A few weeks back, the New York Giants co-owner John Mara gave head coach Joe Judge a vote of confidence even though the team’s performance under him has not improved.
There was even a report that he would be involved in the search for a new general manager. That’s all gone now after the Giants lost their fifth straight game in Chicago on Sunday.
Over that stretch, the Giants have gotten crushed to the tune of 141-49. Their offense is now averaging two points less per game (15.7) than they did last year when they finished 6-10.
At 4-12 with one game remaining in this dismal season, Judge is 10-22 since taking over as head coach, putting him in infamous company with such names as Bill Arnsparger, Ray Handley, Ben McAdoo, Pat Shurmur and John McVay.
All of those names above were fired after short stints with the team. Judge should get the same treatment, no? Here’s why management should not give Judge an automatic rubber stamp of approval.
You can’t get much done on offense if your offensive line stinks. The Giants have not done much to improve the line. That’s not Judge’s fault but he did try to con the media and fans this summer by telling us that he thought line was fine.
Judge hired a new coach (Rob Sale) for the unit and then went through a spate of injuries and bad luck. That led to them scratching for bottom-level players at the cut deadline and trotting out a a subpar unit to protect Daniel Jones and open holes for Saquon Barkley.
Judge should have fought harder for general manager Dave Gettleman to get him NFL-level players on the offensive line. By sitting back and then trying to convince the masses that everything was fine just compounded things.
Once again, the Giants are at the top of the league in a category no team wants to lead in — injuries. They are first in the NFL in a category called Adjusted Games Lost and it’s not the first time.
Over the past decade, the Giants have led in this category several times. Judge and his massive couching and training staff have not been able to stem tide of injuries, which has ruined season after season over the last eight years.
Naturally, this is more of an institutional problem. The organization has been carrying the same sad faces for decades and perhaps it’s time to move on.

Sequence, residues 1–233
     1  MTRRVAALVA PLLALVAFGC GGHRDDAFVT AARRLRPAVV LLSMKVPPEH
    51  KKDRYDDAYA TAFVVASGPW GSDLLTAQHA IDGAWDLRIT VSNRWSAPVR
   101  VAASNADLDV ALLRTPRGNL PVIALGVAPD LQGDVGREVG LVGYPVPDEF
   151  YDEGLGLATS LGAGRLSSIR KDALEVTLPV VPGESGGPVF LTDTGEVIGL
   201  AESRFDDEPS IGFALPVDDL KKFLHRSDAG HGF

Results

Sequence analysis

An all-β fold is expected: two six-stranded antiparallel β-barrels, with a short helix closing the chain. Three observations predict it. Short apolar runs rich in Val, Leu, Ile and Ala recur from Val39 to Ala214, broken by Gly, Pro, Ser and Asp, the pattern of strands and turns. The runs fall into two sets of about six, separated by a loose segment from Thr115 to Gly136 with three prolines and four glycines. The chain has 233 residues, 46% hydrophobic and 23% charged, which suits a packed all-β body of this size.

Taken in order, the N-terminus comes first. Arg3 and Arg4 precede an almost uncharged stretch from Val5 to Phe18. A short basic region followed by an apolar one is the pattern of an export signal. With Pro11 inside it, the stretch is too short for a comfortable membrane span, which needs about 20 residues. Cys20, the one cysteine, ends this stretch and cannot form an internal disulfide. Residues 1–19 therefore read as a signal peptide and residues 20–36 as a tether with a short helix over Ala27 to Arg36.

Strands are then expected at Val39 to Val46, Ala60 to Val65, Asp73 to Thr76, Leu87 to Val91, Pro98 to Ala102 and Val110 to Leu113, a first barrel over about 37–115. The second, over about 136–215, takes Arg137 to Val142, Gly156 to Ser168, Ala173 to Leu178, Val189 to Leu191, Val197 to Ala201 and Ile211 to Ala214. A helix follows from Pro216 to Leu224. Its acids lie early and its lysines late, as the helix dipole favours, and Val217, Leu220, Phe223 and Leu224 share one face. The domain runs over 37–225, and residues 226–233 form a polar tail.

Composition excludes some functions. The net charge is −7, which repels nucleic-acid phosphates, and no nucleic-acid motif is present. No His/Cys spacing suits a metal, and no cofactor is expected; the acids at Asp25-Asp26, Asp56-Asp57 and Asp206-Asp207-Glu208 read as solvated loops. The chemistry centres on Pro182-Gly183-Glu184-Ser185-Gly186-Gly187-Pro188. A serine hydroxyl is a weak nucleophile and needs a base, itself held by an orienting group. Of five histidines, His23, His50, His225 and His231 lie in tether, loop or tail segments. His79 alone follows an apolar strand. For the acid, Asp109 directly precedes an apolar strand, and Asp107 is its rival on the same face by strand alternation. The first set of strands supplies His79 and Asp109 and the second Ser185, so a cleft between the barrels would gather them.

Judge’s assistant coach hires has been spotty. His choice at offensive coordinator (Jason Garrett) failed miserably and his shuffling at O-line coach may not be over after Sale bashed some players.
Judge has so many assistants, he had to hire a chief of staff to keep track of them all. It is clearly a case where more is not better.
Can anyone tell who is in charge of the sideline? Can anyone tell us what the gameplan is from week-to-week? Why is the final two minutes of each half such a cluster?
And….why do they burn so many timeouts early in halves and allow opponents to score so easily within the final minute of the first half?
These are some of the questions we have for Joe Judge that have yet to be answered. Two years in, these things should not be still unsettled.
Judge came to the Giants as a special teams guru. It is the one unit they should not be getting worse at.
Actually, they haven’t gotten worse. But they haven’t gotten better, either.
Punter Riley Dixon could be on the bubble after a down season. Dixon’s average is down a full yard and his placement and accuracy have waned.
Graham Gano has remained steady as have the coverage teams but the return game has not produced. The longest punt and kickoff returns belong to C.J. Board (26 and 38 yards) — a player who last suited up in Week 6.
The Giants thought they were getting some of Bill Belichick’s mojo when they hired Judge. He has brought none of that. Belichick says little and wins a lot. Judge talks too much and wins little.
Judge’s latest postgame rant went on for 11 minutes. No one is quite sure what his point was. He seemed like a man who is drowning with no help in sight.
The frustration has taken over and Judge is in way over his head here. It’s difficult to see how he can possibly turn this thing around.